1. Colin Adiuvo

      Its not for me but surely not depressing if its what the staff want (ie the 57% above) – My staff will be hybrid of both as I think you do need mandated time together for projects/culture/human experience because things happen when people are together that i don’t think Zoom etc.  recreates. About 10-15% of our staff want back full time and around 60% a balance.

      What i do worry about is some companies using this as an excuse to go completely WFH and cut costs with no choice for staff which won’t work for all or those that completely go the other way and insist on full attendance as they will lose good people.



      1. AlwaysAnAgent

        I did say some staff and not all and you’re right to be worried about the next steps.

        The next natural step from WFH is to outsource the existing functions for half the cost to a vast range of possibilities on foreign shores. With IT and tech being what it is, jobs will be outsourced and WFH is paving the way.

  2. JohnJames

    Working from home – or a combination of home and office – suits some people better and can save a fortune. I think it’s time to evolve away from mundane and outdated 9am-6pm 5.5 days per week in the office culture.

  3. Countrybumpkin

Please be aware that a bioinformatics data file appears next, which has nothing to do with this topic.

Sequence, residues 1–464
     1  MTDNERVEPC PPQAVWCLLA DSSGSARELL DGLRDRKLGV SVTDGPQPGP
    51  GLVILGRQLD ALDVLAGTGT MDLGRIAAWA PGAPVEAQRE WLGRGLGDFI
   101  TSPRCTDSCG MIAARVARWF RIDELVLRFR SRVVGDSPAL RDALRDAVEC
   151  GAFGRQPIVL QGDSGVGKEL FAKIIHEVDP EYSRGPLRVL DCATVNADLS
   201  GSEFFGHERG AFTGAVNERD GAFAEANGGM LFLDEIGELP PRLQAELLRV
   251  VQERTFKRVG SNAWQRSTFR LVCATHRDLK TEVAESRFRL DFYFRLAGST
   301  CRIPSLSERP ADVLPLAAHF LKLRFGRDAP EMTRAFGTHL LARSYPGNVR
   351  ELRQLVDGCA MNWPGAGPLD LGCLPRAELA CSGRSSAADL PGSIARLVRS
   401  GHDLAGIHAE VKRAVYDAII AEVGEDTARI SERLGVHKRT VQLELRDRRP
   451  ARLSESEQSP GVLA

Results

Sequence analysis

I have found that the older staff prefer home based working. The younger (especially those living with parents) want to get out the house and work at the office. It’s probably the only socialising they get.  This younger generation have certainly stepped up to the mark.

  4. Eyereaderturnedposter12

    IMHO, those who suggest that WFH has been a wonderful change in format, and has resulted in higher productivity are, to some extent, ‘sugar-coating’ their desire/need to reduce costs by putting no small amount of ‘spin’ on the matter, and positioning themselves as exponents of such a format/structure (Nationwide is no exception to this).

    I do not believe for one moment (and in specific respect of the property industry) that WFH has resulted in higher productivity (by whatever metrics you may choose to illustrate such a claim) on an individual or group basis, in the context of the property industry. Nor do I believe it to be ”healthy”, in the broadest sense.

    Could it be that the split is one of personality type…I.e. Introverts Vs. Extroverts?

    The former are considerably more likely to be amenable to the idea of WFH, and the latter less so…I would also suggest that the property industry is heavily weighted toward the extrovert personality type, and thus I suspect as a industry, will see very few long-term WFHers.

    An interesting discussion point in any case.





  5. CountryLass

    I think having the option to work from home is good. On a general day, I don’t find it as productive as being in the office, but for certain tasks I believe it is better to be at home, by myself with no distractions. Being constantly at home is not for me though.

    And it’s also good for those times that life interrupts the work schedule. Waiting for a contractor between 8-12? No need to take a day off, arrange to WFH. Child poorly? WFH. Feeling a bit blech, still able to work but the office doesn’t want you in? WFH.

    Having options is always good.

    1. htsnom79

      Who on earth would of downvoted that few paragraphs, its all demonstrably true?


      I maintain that good teams sell and administrate moving mammals, not individuals.